The story of the Civil War – VIDEO

A couple months ago I rewatched Ken Burns’ series on The Civil War.

I see that there is a new Civil War series.

About Fr. John Zuhlsdorf

Fr. Z is the guy who runs this blog. o{]:¬)
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  1. Jason the Gray says:

    I stand in respectful awe of parody video greatness. These guys hit it out of the park. Even the “Ken Burns Effect” pan/zoom thing on the stills. Thanks Father for bringing this to our attention.

  2. Baritone says:

    Sentimental background music: $230
    Interviews with “experts”: $2300
    Quoting “Senator” Jar-Jar Binks seriously and keeping a straight face: priceless

  3. Sentimental background music: The Ashokan Farewell, by Jay Ungar. Written as the final waltz of the annual dance camp at his Ashokan dance camp. Was voted the song most reenactors wish was from the war…but was actually written in the 1980s. Sentimental? You have to have attened one of his dance camps (mostly new england, french canadian, contra, and some english country dance) to get the full effect, which Burns’ inclusion in TCW only touched upon.

  4. Tony Phillips says:

    I thought it was interesting that Pope Francis mentioned Abraham Lincoln in his address to the US Congress. I wonder if some adviser suggested this, or has the Lincoln mythology embedded itself in Latin America as well as the US?

    Growing up in the US, we were always taught how wonderful this martyred president was. We did learn about the suspension of habeas corpus in grade school (though not the interment of a big chunk of the Maryland legislature), but this was explained as a necessary evil in this great and necessary war.

    Looking back, the whole thing seems much more complex. Yes, slavery was evil, but was it not hypocritical for a nation founded on revolution and secession to deny the right of secession to states? Would abolition have happened eventually, and without spawning the racial problems that still plague the US, had the north let the south depart in peace (as many northern Democrats would have liked)?

  5. The Cobbler says:

    I don’t suppose you’ve seen the “When you show up at the wrong rebel war reenactment” picture that made the rounds on Facebook recently? (I’d post a link, but… one thing I don’t like about sites that are all streaming the latest posts: harder to go back and find stuff…)

  6. bobbird says:

    Tony Phillips is spot-on. And, let’s not forget that Pius IX sent Jefferson Davis, held in prison for two solid years without trial, a Crown of Thorns. Davis wanted that trial, to prove that secession is a Natural Law right, as recognized in the Declaration of Independence’s first sentence. Was that war over slavery? No more than World War II was a war to save the Jews. Proof: If SC and other states did not secede in 1860, would Lincoln have invaded the South to free slaves? The question answers itself. He invaded because secession would have removed the lucrative tariffs that he insisted be collected in the first inaugural. He even promised not to molest the South anywhere else than in the customs houses and ports! It is time to un-canonize Lincoln, the man who attended a séance in the White House, a necromancy event to conjure his dead son Willie. To see a recent scholarly debate on this between two orthodox Catholics, visit: It is three of four parts, but the main debate. [You might have missed it, but this entry is not about the American Civil War, nor about Lincoln. So, this rabbit hole is hereby closed.]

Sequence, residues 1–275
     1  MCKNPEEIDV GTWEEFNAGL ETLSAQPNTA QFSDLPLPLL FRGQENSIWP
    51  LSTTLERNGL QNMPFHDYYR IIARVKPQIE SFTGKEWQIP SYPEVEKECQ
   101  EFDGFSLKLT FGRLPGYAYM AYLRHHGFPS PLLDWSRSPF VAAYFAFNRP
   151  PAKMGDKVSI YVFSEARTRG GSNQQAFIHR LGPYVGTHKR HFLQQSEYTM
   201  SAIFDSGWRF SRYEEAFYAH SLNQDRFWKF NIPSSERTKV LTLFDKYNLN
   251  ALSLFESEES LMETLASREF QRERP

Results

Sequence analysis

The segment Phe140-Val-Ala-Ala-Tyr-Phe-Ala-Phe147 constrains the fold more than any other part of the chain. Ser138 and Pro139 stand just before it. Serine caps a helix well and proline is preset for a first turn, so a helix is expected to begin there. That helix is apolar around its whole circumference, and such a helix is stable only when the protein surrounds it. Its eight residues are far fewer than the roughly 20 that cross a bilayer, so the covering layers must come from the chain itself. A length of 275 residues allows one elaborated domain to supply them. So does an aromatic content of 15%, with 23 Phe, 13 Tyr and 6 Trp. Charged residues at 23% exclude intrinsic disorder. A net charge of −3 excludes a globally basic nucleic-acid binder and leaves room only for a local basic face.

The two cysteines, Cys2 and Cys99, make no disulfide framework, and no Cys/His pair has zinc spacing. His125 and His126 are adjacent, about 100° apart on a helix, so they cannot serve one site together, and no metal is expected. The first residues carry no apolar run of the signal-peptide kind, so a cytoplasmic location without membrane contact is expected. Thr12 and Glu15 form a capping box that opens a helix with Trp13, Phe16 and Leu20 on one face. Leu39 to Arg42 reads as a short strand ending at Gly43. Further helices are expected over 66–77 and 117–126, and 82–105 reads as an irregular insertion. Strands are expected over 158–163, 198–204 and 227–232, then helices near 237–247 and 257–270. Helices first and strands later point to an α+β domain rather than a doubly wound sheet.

7. bookworm says:

    “Would abolition have happened eventually… had the north let the south depart in peace”

    The last nation in the Western Hemisphere to abolish slavery, Brazil, did it in the 1880s, so most historians guess that had the South won the Civil War it probably would have given up slavery sometime before the turn of the century. But that’s only a guess, of course, and it’s a bit of a stretch to presume that this would have prevented the “racial problems that still plague the U.S.”

    As for letting the South “depart in peace”; Lincoln was perfectly willing to let slavery continue in existing slave states as long as they stayed in the Union. (Ultimately, four slave states did stay in the Union.) What Lincoln would not tolerate was the spread of slavery to new territories. However, this was not enough for the Southern “fire eaters” who insisted upon slavery being allowed to expand into the West (some hoped to expand it even beyond the current borders of the U.S. into Cuba and Central America). I often compare the attitude of the slavery “fire eaters” of the 1850s to the aggressive promoters of abortion and same-sex civil marriage today, for whom mere tolerance of the status quo is not enough — they must have active approval and cooperation from the rest of the country as well.

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